First post to mention is Why was the previous Code of Conduct FAQ (and all answers) removed?. I turned there and wrote an answer after figuring "oh, somebody deleted that FAQ, and all answers and comments with it". (note: the linked question isn't the problem, but the action that triggered that question)

The second post came as surprise, too. A comment on another of my answers, linking to some extremely kind tweets by Yaakov Ellis.

My point here: in both cases, employees of Stack Exchange, Inc. did something surprising that caused emotional reactions.

The first one got me, and probably hundreds others furious, for not much of a reason. More uproar and anger, as if there wasn't enough of that around already.

The second one did the exact opposite: it made me felt heard. It immediately connected me to the people working "at the company".

Overall, this is more of an observation, but in order to ask a question: Stack Exchange, Inc., would it be possible to act more like "post 2"?

Your development team wants to work with us, and hey: we work with them.

Thus, coming to essence of this question: is it possible that your communication team accepts reality, and starts working on the most pressing issue? Like your web development team: take bold actions, and regain the trust of the community.

And to be clear: that central issue is: a well-respected moderator was dumped and now, after five weeks, and she now feels that turning to a lawyer is the only way to regain her public reputation.

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    Can we summarise this post as "Hey Stack Exchange, Be Nice"? Commented Nov 3, 2019 at 21:13
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    @Randal'Thor Maybe more: "hey stack exchange try to be nice more often." My key point is that they know how to be nice in general, but there is a lack of consistency in their actions.
    – GhostCat
    Commented Nov 4, 2019 at 1:50
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    You're forgetting about Monica Cellio, it's in your username. Nothing has changed where she is concerned. I see no nice tweets about her. I see no SE employee being nice to her. Commented Nov 4, 2019 at 10:45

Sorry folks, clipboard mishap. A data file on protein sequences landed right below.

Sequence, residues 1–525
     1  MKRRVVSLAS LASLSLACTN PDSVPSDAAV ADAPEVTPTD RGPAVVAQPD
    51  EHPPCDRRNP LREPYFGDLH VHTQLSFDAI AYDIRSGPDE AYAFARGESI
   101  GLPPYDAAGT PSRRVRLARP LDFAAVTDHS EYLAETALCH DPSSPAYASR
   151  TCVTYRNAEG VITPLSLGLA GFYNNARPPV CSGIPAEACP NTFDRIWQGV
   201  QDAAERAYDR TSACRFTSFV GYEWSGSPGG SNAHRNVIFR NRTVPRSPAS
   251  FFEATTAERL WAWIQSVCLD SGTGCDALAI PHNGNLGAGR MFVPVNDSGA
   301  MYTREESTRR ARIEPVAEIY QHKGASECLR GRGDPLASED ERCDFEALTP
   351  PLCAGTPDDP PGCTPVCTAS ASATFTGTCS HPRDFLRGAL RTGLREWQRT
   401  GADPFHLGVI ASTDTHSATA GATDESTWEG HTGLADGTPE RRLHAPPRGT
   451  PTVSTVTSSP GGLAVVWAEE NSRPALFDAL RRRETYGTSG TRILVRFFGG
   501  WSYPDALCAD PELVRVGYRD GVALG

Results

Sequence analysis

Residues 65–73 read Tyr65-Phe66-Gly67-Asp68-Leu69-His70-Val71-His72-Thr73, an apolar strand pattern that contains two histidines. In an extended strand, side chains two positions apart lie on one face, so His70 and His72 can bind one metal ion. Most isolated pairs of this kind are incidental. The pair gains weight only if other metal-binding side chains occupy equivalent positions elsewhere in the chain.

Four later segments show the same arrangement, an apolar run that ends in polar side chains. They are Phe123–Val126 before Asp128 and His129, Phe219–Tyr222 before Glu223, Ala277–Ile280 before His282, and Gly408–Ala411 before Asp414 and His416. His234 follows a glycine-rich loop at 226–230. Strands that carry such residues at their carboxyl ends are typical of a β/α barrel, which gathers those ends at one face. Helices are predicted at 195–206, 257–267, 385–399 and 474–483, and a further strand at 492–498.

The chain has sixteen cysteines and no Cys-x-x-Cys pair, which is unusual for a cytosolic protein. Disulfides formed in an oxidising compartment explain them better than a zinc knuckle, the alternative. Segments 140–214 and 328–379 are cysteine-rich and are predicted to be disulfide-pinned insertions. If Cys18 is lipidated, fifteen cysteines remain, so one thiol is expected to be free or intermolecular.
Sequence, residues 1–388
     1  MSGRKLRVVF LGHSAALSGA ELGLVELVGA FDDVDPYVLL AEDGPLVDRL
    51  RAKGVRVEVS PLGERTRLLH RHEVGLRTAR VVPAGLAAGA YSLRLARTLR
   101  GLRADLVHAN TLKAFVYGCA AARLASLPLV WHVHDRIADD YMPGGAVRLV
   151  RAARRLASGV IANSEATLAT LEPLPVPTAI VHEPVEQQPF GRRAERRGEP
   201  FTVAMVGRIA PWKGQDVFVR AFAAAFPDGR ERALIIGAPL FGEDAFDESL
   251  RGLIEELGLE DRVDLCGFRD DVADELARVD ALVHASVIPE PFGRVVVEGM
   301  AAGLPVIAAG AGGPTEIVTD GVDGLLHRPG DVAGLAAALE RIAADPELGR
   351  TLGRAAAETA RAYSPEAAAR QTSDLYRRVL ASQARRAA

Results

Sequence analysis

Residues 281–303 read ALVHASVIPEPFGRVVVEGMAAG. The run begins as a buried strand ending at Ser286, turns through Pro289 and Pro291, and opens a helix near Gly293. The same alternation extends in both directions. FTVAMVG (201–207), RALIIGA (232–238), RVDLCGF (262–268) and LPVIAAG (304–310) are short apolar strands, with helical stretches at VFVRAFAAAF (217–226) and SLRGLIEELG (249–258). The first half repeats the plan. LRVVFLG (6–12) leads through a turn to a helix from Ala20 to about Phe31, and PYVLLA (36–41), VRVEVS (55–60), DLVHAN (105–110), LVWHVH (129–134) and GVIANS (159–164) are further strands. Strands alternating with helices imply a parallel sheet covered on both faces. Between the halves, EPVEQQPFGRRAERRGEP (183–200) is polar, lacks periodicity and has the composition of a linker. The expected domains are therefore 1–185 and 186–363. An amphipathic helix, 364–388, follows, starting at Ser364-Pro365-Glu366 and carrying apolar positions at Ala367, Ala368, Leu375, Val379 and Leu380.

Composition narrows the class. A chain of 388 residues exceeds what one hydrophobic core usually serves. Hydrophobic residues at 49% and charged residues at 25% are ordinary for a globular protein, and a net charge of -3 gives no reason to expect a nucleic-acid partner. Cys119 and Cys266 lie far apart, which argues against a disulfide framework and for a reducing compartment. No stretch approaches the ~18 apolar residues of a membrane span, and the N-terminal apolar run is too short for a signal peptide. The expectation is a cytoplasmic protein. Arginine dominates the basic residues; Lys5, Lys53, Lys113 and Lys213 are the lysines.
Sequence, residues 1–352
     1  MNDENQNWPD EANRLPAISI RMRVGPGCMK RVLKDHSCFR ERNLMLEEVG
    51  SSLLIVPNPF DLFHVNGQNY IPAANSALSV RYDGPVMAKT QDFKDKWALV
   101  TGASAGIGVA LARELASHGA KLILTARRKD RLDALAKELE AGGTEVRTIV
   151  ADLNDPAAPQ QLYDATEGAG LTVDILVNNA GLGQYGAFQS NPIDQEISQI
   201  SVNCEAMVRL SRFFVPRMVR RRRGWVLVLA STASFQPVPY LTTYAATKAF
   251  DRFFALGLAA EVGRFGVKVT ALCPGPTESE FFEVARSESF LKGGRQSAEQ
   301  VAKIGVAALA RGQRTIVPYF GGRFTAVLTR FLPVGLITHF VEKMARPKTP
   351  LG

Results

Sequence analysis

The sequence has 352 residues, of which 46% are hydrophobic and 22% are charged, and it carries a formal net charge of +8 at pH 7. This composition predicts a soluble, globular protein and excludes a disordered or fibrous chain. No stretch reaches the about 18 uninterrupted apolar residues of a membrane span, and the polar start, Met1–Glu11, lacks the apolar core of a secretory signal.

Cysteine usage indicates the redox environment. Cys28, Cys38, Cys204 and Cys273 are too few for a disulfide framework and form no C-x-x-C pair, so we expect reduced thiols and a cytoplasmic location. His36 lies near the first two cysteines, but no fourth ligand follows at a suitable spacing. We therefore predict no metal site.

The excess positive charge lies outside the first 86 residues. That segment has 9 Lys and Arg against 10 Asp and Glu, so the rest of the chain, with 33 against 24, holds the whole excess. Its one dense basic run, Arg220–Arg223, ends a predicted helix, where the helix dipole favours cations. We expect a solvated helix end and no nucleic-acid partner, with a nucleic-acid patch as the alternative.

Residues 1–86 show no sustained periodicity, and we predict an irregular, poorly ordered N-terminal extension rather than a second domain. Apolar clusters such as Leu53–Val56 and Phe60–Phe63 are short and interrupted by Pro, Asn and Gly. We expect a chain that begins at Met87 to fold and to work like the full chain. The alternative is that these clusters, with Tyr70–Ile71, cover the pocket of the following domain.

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    @MariLouA Yup. I don't think anybody's ever really doubted that the dev team are cool and want to build a great product. That's not really the issue; the kicking out, like a street dog, of a decade-long contributor who did nothing hateful by any reasonable standard is. Honestly got no idea how people are still willing to continue to moderate and invest in this place with that in mind. At some point you have to cut your losses and walk away even though there isn't a good alternative out there yet.
    – Pekka
    Commented Nov 4, 2019 at 10:51
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    Fair point, you're not really saying "everything is good now" but "this is how it should work."
    – Pekka
    Commented Nov 4, 2019 at 12:04
  • @Mari-LouA I tried to rephrase the question, I hope it is more clear and to the point now.
    – GhostCat
    Commented Nov 4, 2019 at 17:33
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    @GhostCatsaysReinstateMonica Thanks for clarifying. I really appreciate your question. I've deleted my comment cause it sounds defensive. Commented Nov 4, 2019 at 18:04
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    @PekkasupportsGoFundMonica Monica represents point of no return. It is breaking issue and nothing will ever be the same until this is resolved. But that still does not mean we cannot imagine good things happening no matter how far or unrealistic they may be. Commented Nov 4, 2019 at 18:08